If you were expecting an uplifting road-trip comedy that lays its emphasis on strong family values, you're better off looking elsewhere.

David Clark (Sudeikis) is a middle-aged, small-time pot dealer who's more than content in his seemingly stress-free life, selling Cannabis to the good people of Denver. Unfortunately, his tranquil existence soon takes a turn for the worse, when he valiantly attempts to help his geeky teenage neighbour, Kenny Rossmore (Poulter), rescue runaway teen, Casey Mathis (Roberts), from a group of street thugs.

Unfortunately, the hapless David loses his stash and money in the process, which lands him in a whole load of trouble with his wacko boss and pot distributor, Brad Gurdlinger (Helms). In order to repay his debt, David is ordered to smuggle a shipment of marijuana from Mexico to the U.S. The stakes are raised further; David will not only save his neck, but will also make an extra $100,000 on the side.

In figuring out how best to approach this misadventure waiting to happen, he is inspired by a chance encounter to pose as a family man – with a family he doesn't have.

David hires Kenny and Casey to play his kids and recently retired stripper, Rose O'Reilly (Aniston), to pose as his wife; together, the four misfits take to the road as bogus family, the Millers.

First and foremost, the casting is what breathes life into this comedy and audience shouldn't be discouraged by the presence of Aniston, despite a recent string of poor comedic turns. The former Friends actress, who continues to search for that one defining Hollywood role, is surprisingly edgy and delivers an all-around likeable performance. The same can be said for her co-star Sudeikis, whose trademark goofball charm is responsible for the majority of the story's laughs.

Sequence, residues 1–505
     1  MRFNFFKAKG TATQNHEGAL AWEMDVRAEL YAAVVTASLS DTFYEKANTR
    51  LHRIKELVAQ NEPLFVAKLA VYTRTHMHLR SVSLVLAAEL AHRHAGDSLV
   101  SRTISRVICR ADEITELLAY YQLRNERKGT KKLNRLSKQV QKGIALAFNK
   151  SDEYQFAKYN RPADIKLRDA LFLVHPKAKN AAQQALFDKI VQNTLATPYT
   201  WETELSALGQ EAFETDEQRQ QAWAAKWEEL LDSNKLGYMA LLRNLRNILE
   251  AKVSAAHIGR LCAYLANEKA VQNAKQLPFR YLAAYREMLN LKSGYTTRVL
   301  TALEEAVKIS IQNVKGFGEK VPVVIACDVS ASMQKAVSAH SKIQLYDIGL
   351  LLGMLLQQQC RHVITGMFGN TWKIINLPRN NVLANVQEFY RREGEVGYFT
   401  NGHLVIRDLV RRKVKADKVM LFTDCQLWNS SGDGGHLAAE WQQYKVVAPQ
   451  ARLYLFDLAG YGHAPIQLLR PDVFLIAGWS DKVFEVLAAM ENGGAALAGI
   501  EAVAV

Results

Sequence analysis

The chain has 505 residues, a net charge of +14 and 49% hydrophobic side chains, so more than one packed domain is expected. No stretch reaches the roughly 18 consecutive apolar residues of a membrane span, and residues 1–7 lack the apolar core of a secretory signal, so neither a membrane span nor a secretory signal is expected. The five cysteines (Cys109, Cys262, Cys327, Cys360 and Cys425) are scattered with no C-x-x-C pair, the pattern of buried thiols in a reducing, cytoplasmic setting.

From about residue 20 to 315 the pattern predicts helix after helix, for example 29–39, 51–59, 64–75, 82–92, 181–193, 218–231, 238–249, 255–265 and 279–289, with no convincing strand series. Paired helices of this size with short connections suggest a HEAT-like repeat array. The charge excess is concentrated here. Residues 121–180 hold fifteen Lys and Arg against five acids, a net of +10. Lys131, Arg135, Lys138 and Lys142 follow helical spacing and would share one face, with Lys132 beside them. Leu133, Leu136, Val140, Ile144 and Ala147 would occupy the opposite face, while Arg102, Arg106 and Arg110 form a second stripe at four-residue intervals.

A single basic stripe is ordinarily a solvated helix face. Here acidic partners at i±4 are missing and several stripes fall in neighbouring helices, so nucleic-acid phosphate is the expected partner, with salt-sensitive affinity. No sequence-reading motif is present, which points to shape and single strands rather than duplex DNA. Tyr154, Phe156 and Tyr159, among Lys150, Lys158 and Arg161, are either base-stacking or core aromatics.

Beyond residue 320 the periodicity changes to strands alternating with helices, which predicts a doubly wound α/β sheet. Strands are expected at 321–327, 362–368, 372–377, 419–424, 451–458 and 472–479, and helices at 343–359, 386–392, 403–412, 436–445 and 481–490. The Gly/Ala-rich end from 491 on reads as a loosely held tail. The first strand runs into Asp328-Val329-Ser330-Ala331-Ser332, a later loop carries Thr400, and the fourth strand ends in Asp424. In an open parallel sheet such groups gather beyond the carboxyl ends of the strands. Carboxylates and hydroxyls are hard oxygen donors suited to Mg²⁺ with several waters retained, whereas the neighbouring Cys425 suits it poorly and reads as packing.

Said laughs come courtesy of isolated, zappy one-liners that are often of sexual or scatological nature. Under the direction of Rawson Marshall Thurber, the jokes are of acquired tastes – tastes that seem to be very en vogue in Hollywood right now, thanks to the likes of producer Judd Apatow, actors such as Vince Vaughn and the endless stream of Saturday Night alumni.

Taking a leaf out of the book of TV show, Weeds, We're the Millers is far from innocent, and despite its shortcomings and predictability, there's something sweet, likeable and relatable in its disposition. It's an easy watch whose familiarities and truisms actually work in its favour.